Pain & Gain Score Review

Steve Jablonsky is a much underused composer. This may be because he is so closely associated with Michael Bay and therefore gets some sort of industry micky taking levelled at him, bu it is nonetheless a fact. His music is always very interesting to listen to because it so smoothly mixes many different cinematic musical staples to create one unique sound. His themes from Transformers showed that he was unafraid to mix traditional fanfare themes with electronica and minimalistic delayed rock instrumentation to create moments that are both massive and ethereal, and in the Pain & Gain score he again brings this style, but with some added flare.

The opening tracks are very much a warm up. They verge on being non-descript background music, and almost sound like the kind of verse structures Jared Leto would leave on a 30 Seconds To Mars album’s cutting room floor. But they are very easy to take in, and get your mind used to the array of sonic soundscapes that will become much more prevalent, intricate and heart pumping later on. This is none more obvious than in opening track “I’m Big” which lays out the film’s main theme amidst a warm and soothing backdrop.

But when the meat of the score kicks in we are treated to a great mixture of pulsing synth led driving music and in-your-face robotic war horns, that up the ante and the adrenaline to give the score as a whole an exciting feel that kind of tells its own story. It is with these middle tracks such as “I Got Saved” and “I’m Gonna Tell Jesus” that the Jablonsky who scored Transformers becomes much more visible.

But then new elements start creeping in. All of a sudden the soundtrack becomes reminiscent of the electronica infused score for Drive. The volume is held back and the beat is given extra emphasis on tracks like “Supermen”, where the mid section breakdown (around 1:21) can’t fail to raise a smile and have you nodding your head.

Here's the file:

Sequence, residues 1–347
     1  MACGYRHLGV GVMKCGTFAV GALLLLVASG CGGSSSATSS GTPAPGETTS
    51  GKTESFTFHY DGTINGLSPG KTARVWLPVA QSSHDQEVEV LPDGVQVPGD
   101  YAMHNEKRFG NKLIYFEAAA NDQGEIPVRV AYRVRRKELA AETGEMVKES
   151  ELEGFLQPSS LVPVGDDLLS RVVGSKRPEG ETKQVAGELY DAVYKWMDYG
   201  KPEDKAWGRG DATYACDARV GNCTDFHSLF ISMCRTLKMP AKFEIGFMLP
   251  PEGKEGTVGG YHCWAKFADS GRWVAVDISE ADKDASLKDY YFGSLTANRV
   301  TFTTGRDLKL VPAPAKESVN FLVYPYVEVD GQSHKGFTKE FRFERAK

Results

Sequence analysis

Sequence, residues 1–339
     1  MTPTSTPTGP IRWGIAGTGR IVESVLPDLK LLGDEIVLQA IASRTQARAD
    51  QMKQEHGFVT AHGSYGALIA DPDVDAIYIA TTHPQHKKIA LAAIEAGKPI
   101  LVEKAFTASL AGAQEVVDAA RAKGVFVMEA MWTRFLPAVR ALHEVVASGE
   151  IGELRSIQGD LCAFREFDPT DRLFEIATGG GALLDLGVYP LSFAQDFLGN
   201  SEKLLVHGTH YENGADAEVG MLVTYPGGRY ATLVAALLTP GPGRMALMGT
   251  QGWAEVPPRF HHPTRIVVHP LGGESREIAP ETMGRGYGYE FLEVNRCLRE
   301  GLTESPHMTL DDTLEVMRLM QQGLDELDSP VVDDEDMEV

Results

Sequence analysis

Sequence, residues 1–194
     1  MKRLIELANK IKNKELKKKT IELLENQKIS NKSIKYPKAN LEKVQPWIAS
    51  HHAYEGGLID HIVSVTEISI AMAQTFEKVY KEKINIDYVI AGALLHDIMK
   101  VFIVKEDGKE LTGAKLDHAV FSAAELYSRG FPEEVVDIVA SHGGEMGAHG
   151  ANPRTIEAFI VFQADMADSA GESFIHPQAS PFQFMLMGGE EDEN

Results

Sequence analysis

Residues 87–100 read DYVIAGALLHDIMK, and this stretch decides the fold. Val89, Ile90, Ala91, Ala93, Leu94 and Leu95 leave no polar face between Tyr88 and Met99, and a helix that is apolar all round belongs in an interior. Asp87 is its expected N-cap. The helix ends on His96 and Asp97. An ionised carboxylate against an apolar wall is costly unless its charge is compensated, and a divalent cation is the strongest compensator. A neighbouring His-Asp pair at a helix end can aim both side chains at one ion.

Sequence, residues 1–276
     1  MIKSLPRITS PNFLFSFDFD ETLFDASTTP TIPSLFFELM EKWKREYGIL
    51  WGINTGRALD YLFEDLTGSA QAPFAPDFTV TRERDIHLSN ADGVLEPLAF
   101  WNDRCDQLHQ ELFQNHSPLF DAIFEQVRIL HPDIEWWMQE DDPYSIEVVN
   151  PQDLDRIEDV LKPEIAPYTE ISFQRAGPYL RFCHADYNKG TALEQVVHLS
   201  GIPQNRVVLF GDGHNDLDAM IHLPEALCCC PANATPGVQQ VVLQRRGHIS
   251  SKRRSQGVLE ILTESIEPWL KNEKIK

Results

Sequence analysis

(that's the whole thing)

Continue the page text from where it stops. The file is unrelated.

As the score progresses the initial themes start to re-appear in bolder fashion and the pace becomes more urgent, but all the while Jablonsky is able to steer the huge sounds in a way that never lets them become all encompassing. In fact it is a testament to the score that it works incredibly well as music to listen to any time of day; whether you are at home working or having a get together it will definitely earn you some ‘cool points’ if you spin this record. The only slight gripe I have is that some tracks seem to drag because of their repetition and use of long sustained synth notes; which I can only assume comes naturally to Jablonsky through his work in computer games (Gears of War, Command and Conquer et al).

The feeling I was left with after listening to this soundtrack, was that I wish Jablonsky could have had a crack at the Pacific Rim score. Obviously his ties to Transformers would have only further embroiled Guillermo Del Toro in his problems with direct Robot film comparisons, but I just feel like Jablonsky has a better grasp of what makes electronic things tick than Ramin Djawadi. And I certainly really enjoyed this album

James is a movie obsessive with a particular love for scores and screenplays. He has written for numerous blogs, sites and cinemas and has been involved in several screenwriting projects. He can usually be found in front of a large plasma screen devouring Westerns, 80s pulp, Jimmy Stewart movies or anything by the Coens.

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